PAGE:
Sustainable agricultural practices, like agroforestry and organic farming, help lower emissions and enhance food security, while urban farming and vertical agriculture offer innovative solutions. Protecting and restoring natural ecosystems, which act as carbon sinks, is vital. Efforts like the Bonn Challenge and Costa Rica's reforestation initiatives demonstrate the benefits of increasing forest cover and biodiversity.

Promoting a circular economy can reduce resource consumption and greenhouse gas emissions by minimizing waste and reusing materials.

The European Union's Circular Economy Action Plan exemplifies this approach, aiming to transition from a linear “take-make-dispose” model. Sustainable urban development, focused on creating resilient, low-carbon cities, emphasizes public transportation, green building practices, and smart city technologies.

Education and awareness are also critical, as schools, universities, and community organizations play essential roles in fostering environmental stewardship. Through environmental education programmes and campaigns, individuals can be empowered to make informed decisions and take action to protect the environment.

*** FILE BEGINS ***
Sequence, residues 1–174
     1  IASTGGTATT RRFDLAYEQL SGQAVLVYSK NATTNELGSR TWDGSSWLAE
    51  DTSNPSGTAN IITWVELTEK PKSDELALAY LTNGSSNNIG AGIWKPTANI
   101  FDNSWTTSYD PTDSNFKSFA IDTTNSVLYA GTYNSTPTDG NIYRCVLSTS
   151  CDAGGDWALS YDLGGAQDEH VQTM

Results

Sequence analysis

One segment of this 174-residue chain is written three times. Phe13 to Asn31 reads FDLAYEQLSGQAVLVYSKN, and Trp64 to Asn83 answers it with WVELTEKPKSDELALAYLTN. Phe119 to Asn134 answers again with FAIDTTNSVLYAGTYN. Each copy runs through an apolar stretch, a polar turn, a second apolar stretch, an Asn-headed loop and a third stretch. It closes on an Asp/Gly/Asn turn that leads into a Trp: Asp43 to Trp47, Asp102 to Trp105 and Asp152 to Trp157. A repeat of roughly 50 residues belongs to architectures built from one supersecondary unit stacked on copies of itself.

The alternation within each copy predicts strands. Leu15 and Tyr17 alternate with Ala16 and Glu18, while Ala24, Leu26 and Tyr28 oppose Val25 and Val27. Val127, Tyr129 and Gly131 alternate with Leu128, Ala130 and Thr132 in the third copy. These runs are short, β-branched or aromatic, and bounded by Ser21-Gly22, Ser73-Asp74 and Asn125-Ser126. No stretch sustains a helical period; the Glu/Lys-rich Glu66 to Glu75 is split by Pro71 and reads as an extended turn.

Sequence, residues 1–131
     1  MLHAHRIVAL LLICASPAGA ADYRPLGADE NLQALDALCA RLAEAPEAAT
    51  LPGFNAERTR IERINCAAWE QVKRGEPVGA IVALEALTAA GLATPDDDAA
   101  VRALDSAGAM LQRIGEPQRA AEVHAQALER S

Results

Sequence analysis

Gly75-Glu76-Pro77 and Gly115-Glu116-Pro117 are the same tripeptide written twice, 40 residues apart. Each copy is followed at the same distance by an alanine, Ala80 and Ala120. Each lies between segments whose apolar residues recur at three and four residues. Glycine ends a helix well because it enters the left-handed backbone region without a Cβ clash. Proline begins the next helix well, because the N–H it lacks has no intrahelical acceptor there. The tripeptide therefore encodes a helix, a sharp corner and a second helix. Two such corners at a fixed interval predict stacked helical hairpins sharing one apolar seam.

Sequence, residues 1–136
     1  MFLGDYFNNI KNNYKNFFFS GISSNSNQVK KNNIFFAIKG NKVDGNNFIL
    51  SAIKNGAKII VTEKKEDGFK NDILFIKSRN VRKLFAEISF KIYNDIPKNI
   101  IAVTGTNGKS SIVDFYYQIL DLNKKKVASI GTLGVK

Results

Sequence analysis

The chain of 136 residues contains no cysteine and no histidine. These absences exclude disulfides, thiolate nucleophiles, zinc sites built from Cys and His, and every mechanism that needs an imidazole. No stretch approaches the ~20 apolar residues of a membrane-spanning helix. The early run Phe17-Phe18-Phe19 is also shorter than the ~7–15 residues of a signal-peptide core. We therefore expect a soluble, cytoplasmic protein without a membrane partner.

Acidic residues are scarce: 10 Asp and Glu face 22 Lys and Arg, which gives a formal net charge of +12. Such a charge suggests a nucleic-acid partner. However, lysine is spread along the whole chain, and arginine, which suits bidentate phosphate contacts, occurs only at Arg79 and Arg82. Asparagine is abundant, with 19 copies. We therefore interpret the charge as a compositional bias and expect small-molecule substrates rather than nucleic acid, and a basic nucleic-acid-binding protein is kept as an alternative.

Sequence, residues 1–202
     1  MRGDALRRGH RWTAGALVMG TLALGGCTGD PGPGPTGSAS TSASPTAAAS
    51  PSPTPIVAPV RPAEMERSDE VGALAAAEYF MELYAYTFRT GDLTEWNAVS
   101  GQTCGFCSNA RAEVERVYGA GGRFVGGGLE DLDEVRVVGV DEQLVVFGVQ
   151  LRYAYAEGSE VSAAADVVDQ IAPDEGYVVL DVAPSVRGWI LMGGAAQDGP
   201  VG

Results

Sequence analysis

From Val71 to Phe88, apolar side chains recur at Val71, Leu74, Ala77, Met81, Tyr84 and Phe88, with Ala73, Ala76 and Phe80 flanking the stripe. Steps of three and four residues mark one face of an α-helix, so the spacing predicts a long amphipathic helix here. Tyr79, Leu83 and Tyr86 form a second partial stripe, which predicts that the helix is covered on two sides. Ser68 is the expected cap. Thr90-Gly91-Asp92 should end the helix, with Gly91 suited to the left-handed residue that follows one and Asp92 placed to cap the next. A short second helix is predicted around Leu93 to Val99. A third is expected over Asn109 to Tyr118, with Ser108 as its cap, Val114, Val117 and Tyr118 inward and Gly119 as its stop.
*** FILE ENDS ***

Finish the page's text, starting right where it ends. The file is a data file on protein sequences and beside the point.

In this context, Mahatma Gandhi’s poignant reflection on our connection to the Earth resonates profoundly in these times: “If Earth is not we are not. I feel nearer to God by feeling Him through the Earth. In bowing to the Earth, I at once realise my indebtedness to Him, and, if I am a worthy child of that Mother, I shall at once reduce myself to dust and rejoice in establishing kinship with not only the lowliest of human beings, but also with the lowest forms of creation whose fate-reduction to dust I have to share with them.” This profound statement encapsulates the essence of environmental stewardship and the need for sustainable development.

James Lovelock, a British scientist, proposed the Gaia hypothesis, which views the Earth as a self-regulating system. This idea aligns with Mahatma Gandhi’s view of the Earth as a living entity with which we share a deep connection. Lovelock’s work emphasizes the interdependence of all living and non-living components of the Earth, suggesting that harming one part affects the whole system.

As we face the pressing issue of climate change, it is imperative to adopt sustainable practices to protect our environment and secure the future for coming generations. Individual actions, combined with collective efforts, can pave the way for a sustainable world, ensuring that future generations inherit a healthy and thriving planet. It is now or never.

(The writer is Programme Executive, Gandhi Smriti and Darshan Samit; views are personal)